Normally, one of the big advantages to playing a WAC team in bowl competition is the intimidation factor. The I'm-Bigger-Than-You factor. The Who-Are-You-Guys? factor.

But this year, the Arizona Wildcats probably won't do especially well if they plan to intimidate the Utes in Tuesday night's Freedom Bowl. They picked the wrong opponent. On the wrong year. With the wrong coach.Intimidating the Utes, who come from a smaller, less-accomplished league, might work for Washington State and Southern Cal - the Utes' bowl opponents the last two Decembers. But to Arizona's consternation, this year the Wildcats are playing against Coach Mac.

In the first place, Utah coach Ron McBride isn't exactly the kind of guy you intimidate. His father was a steelworker. McBride made his name as an offensive line coach. This is a guy who could stare down Charles Bronson.

More important, McBride was assistant head coach and offensive line coach at Arizona for three years (1987-89). He knows about their preseason trips to Camp Cochise, near the Mexican border, to toughen themselves up. He knows they can get the flu on road trips and get sweaty palms before final exams and miss their girlfriends when they're out of town, just like everyone else. No big deal.

Consequently, the Utes are taking a less-than-reverent attitude about the Wildcats. You probably won't find any of them predicting a rout or trash-talking the opposing players. However, McBride doesn't believe there is any mystique to the Wildcats; doesn't need to to tell his players that the Wildcats run their offense one play at a time like everyone else.

"We don't have to tell our players anything. This team knows what it's capable of," says McBride, lapsing into coachspeak. "This is a mature team. We've beaten some good teams. We don't have to worry about any mystique."

Actually, McBride sees some compelling similarities between the teams. Arizona coach Dick Tomey, who hired McBride in 1987, thinks like McBride. They don't like short cuts. They start players in the program, work them like pack mules and bring them along year-by-year, taking all the steps along the way.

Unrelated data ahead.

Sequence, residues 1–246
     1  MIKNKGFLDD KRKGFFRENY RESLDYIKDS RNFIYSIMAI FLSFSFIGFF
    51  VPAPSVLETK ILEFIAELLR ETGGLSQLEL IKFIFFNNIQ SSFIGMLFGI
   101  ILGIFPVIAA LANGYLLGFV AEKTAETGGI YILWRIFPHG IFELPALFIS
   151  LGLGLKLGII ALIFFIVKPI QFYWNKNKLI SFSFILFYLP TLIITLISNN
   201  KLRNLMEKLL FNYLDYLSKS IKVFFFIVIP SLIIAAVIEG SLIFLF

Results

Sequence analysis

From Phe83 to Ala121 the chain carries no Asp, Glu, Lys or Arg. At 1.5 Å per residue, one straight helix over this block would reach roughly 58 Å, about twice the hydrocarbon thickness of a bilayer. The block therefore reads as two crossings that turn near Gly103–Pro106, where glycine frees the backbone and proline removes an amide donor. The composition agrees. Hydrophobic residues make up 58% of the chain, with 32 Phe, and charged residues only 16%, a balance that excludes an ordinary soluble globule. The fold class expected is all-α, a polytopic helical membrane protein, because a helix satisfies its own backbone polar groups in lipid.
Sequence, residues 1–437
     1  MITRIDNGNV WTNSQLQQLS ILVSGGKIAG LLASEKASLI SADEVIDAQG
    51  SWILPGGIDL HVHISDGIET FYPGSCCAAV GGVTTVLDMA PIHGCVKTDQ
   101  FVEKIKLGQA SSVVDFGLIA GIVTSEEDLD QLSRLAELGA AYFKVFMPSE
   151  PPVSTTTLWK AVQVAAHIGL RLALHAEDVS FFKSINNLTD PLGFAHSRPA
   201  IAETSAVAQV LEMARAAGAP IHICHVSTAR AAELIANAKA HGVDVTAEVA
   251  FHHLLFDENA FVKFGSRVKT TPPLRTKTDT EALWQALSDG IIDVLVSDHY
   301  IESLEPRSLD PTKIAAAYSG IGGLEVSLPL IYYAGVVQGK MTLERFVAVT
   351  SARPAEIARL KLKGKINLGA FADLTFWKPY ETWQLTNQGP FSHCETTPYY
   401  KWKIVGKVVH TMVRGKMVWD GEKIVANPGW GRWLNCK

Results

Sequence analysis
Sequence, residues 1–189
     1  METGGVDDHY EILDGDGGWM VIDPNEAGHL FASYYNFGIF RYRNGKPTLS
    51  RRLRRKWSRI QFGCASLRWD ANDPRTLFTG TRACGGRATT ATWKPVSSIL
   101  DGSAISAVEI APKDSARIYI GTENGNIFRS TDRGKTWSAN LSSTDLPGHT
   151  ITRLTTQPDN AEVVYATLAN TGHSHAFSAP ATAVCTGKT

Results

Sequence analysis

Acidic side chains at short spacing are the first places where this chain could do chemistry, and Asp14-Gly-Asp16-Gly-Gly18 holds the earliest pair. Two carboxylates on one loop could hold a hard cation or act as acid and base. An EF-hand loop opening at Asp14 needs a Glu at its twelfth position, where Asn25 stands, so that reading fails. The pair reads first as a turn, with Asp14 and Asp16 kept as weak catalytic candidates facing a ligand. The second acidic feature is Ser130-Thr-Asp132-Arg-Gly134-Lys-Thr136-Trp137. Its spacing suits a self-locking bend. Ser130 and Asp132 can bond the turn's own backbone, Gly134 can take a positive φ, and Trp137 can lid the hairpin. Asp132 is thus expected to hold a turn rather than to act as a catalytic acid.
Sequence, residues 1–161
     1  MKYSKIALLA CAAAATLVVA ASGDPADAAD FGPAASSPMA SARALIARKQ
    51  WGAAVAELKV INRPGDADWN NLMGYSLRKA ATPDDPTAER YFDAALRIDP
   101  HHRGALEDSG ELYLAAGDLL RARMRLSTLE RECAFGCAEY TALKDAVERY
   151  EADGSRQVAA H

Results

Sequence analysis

"Arizona is as good as anybody at developing players from their freshman year on up. They develop their skills on a day-to-day basis. They're very methodical and systematic," McBride continues.

Which, if he doesn't mind saying so himself, the Utes are too.

In several ways, Utah and Arizona could look in mirror and see one another. Arizona, dormant for several years after jumping from the WAC to the Pac-10, suddenly began rumbling a decade ago, when the Wildcats went to the Sun Bowl. Since then they have been building momentum steadily, attending seven bowl games counting this year's. After a stunning 29-0 win over Miami in the Fiesta Bowl last year, Arizona appeared on the cover of Sports Illustrated as the No. 1 team in the country in the magazine's preseason editions last fall.

The momentum cooled quickly, though, when the WAC's Colorado State stunned the Wildcats 21-16. Two weeks later came the crucial 10-9 loss at Oregon, then a 45-28 loss at Southern Cal. They ended the regular season ranked 15th in the final AP polls.

Such considerations only stirs McBride to the Wildcats' defense. The last thing he wants to do is offend the opponent, much less his old employer. He points out that a one-point loss to Oregon and the surprise loss to Southern Cal kept the Wildcats out of the mother of all bowls, the Rose Bowl.

"They were one point out of going to the Rose Bowl," says McBride. "So basically they're, in my opinion, the best team in the conference. They could easily be 10-1 as 8-3."

Returning to play his old team hasn't gone unnoticed by former players. Several have called McBride. "They say, `Hey, you're playin' the 'Cats, man,"' McBride laughs.

McBride sees the symmetry in playing against his former team. Both programs steadily built themselves into contenders in their conferences, as well as the national rankings. It's like meeting a long-lost twin, separated at birth. "We both worked our ways from the slums to the middle class housing all the way to the high rent district,"says McBride.

And both know what it's like to suddenly have expectations to live up to. "Now if we don't beat the top teams in the league, people get ticked off," he adds.

Whatever similarities there are among the programs, therein lies the most common ground. Losing isn't tolerated as well as it once was. But at least they have company. When it comes to understanding the stresses of successful college football, it takes one to know one.